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Not just grasping at straws

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Not just grasping at straws

October 15, 2012 - 16:00

BRUSSELS, Oct. 16, 2012 (RISI) -Taiwan-based YFY (Yuen Foong Yu) has developed what it claims is a revolutionary straw pulp technology - NPulp - and has started commercial production at the company's mill in Yangzhou, Jiangsu Province, China.

YFY calls it bio-pulping; that is, a "proprietary enzymatic production" process that eliminates the use of "harsh chemicals".

NPulp is the result of 10 years of work by YFY to explore alternative materials and processes for producing pulp and paper. According to the company, "The decade of research, development, operational planning and infrastructure design is resulting in a revolution in both paper and the papermaking process."

NPulp is produced with a mix of conventional and specially designed equipment

More than 65% of the investment in the NPulp plant is in existing commercial equipment used for traditional pulping processes. The remaining 35% of the investment is exclusive to YFY, designed in-house by the company's research and development teams. The company belives that mills located near natural resources such as straw will have good opportunities to retrofit.

YFY plans to take advantage of the more than 600 million tonnes/yr of agricultural straw biomass available in China. With a yield of more than 55%, this is the equivalent of about 345 million tonnes/yr of pulp. The remaining 45% can be converted into biofuels and fertilizers. Most straw residuals are now burned in the field. A spokesman for YFY said the mill is being converted to use biofuels that can be created from waste products and the fertilizers will go back to local farmers who grow the straw. The objective is a net zero CO2production facility.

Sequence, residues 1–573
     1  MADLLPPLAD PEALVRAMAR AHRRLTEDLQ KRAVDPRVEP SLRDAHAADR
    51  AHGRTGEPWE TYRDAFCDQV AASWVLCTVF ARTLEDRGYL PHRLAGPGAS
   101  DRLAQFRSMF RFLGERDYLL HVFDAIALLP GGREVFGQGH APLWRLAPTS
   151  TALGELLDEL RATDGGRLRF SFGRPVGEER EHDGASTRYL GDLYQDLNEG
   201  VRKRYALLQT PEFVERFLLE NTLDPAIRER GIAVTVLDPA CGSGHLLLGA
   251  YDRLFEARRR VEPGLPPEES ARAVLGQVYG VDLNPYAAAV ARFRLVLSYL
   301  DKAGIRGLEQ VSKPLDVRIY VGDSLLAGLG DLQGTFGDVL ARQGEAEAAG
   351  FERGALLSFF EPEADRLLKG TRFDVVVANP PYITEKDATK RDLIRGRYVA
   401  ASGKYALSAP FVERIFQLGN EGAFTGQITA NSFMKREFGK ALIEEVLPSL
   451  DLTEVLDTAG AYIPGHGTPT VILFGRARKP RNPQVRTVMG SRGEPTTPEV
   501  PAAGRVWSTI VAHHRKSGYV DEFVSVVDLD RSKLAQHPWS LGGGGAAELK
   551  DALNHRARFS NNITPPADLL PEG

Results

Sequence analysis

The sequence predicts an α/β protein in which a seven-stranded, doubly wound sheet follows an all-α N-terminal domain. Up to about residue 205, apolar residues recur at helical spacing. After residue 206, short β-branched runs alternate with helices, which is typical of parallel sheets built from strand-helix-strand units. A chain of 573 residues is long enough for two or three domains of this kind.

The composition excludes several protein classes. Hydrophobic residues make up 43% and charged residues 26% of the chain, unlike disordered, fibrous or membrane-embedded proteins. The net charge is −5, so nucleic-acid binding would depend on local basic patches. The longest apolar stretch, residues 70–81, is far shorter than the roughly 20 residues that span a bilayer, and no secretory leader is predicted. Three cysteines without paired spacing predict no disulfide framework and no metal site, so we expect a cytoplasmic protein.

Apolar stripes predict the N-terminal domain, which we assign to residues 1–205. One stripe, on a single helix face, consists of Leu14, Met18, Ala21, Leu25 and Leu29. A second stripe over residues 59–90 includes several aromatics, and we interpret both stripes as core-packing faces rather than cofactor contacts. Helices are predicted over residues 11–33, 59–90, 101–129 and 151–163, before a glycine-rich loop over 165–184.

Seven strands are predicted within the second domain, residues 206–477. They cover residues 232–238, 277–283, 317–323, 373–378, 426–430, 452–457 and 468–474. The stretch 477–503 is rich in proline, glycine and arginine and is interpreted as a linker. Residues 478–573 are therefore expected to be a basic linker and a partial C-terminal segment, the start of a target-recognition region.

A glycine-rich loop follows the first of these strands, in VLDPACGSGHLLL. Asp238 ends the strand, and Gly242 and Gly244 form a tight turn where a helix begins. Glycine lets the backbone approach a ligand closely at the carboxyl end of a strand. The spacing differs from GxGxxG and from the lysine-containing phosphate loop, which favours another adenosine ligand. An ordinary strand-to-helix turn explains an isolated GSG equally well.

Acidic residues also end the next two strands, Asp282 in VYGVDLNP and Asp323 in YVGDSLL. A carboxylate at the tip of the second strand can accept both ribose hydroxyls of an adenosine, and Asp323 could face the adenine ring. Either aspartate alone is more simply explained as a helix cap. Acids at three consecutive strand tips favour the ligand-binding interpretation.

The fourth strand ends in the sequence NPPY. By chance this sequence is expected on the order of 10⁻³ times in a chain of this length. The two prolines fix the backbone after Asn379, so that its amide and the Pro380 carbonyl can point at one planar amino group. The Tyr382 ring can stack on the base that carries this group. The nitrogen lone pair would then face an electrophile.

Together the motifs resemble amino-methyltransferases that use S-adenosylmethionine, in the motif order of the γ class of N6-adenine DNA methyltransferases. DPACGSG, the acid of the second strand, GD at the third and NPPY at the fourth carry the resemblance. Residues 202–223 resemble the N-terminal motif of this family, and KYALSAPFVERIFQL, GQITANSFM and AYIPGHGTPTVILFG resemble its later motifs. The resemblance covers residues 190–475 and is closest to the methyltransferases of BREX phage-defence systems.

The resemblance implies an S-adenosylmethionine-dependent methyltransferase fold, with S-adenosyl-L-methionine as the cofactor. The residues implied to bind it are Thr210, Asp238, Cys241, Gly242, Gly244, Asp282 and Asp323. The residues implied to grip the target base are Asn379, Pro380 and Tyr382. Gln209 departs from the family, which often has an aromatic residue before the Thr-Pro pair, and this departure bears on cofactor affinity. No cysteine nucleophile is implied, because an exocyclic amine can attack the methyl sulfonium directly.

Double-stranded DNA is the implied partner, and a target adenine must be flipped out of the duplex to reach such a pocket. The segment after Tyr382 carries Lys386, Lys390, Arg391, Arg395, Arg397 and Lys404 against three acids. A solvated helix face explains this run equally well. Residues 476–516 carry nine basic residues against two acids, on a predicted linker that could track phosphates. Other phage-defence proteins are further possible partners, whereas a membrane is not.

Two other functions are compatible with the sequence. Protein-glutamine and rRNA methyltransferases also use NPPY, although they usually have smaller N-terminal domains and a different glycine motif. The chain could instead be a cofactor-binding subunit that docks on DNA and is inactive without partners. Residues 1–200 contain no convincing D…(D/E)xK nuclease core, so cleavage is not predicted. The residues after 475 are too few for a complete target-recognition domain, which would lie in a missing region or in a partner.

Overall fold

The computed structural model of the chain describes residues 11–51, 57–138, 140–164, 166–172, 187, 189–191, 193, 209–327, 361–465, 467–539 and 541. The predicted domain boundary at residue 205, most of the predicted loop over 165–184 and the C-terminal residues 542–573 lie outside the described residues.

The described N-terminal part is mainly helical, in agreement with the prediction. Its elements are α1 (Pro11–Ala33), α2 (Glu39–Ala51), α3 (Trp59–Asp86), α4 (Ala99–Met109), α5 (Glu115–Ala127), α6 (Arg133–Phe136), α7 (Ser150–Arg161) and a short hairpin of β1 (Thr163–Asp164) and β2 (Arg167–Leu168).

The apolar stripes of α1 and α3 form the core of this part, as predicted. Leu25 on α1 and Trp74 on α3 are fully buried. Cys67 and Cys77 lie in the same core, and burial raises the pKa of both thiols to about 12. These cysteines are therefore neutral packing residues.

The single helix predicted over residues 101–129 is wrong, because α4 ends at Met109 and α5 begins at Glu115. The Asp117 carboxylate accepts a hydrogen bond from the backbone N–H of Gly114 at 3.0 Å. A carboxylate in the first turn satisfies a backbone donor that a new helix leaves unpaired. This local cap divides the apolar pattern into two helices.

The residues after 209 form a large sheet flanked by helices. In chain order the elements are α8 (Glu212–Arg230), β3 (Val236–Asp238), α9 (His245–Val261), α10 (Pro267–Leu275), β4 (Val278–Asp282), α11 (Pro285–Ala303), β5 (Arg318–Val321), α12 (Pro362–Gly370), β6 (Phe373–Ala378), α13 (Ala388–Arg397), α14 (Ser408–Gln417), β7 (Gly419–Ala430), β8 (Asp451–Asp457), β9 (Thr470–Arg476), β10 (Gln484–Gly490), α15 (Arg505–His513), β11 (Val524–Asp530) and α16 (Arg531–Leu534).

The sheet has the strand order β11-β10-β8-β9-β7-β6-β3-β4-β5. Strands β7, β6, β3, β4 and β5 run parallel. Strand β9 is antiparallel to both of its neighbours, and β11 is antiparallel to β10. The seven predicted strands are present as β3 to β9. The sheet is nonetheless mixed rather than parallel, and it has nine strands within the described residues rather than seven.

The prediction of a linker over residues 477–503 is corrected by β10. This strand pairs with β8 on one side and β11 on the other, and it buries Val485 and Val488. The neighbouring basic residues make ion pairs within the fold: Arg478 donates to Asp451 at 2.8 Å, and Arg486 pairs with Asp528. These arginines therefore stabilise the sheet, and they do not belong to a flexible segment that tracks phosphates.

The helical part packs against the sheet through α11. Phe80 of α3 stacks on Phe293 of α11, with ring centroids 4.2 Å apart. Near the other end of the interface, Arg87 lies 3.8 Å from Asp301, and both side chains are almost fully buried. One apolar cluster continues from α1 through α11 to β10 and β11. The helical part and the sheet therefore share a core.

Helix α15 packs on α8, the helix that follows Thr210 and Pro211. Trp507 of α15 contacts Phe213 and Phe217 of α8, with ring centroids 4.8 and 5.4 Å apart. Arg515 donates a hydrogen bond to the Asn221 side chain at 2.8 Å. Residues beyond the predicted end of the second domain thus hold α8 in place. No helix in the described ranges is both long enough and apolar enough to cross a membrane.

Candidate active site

The Jiangsu mill produces high-performance linerboard with a basis weight of 230 g/m2, which has the same properties as 250-g/m2sheet. Besides the high-performance sheet, YFY produces conventional kraft linerboard in a basis weight range of 150-300 g/m2. There is also a tissue mill on site.

Currently, all pulp for the liner and tissue mills is purchased. Initially, the NPulp is being used to make molded trays (100% NPulp) at another producer's site. In the future, the NPulp will be used in kraft liner and medium, replacing recovered paper pulp at the Jiangsu mill. Other uses, such as tissue, are being tested but there are no current plans to use the NPulp for these products.

NPulp production capacity is 200 tonnes/day but YFY plans to increase that to 2,000 tonnes/day by mid-2013. Straw is harvested throughout the year and YFY says it can be stored as long as one year prior to pulping.

YFY plans to ramp up NPulp production to 2,000 tonnes/day in 2013

"This is an unprecedented opportunity to show green chemistry in action in ways that benefit all stakeholders," says Ronald Allen, president of Mobius105, the exclusive distributor of NPulp. "The burning of straw creates two problems: massive amounts of greenhouse gas (GHG) emissions polluting the air and the destruction of a crop that would provide potential incremental revenue to the farmers. YFY created a system to collect and purchase the excess straw from farmers in China that discourages burning, protects the environment, brings economic development to rural communities and provides our customers with the sustainable materials they need."

Allen is optimistic about NPulp's commercial and environmental potential and predicts the model will be replicated globally. He also claims the paper produced from straw pulp is "as good as or better" than paper made with a recycled fiber furnish.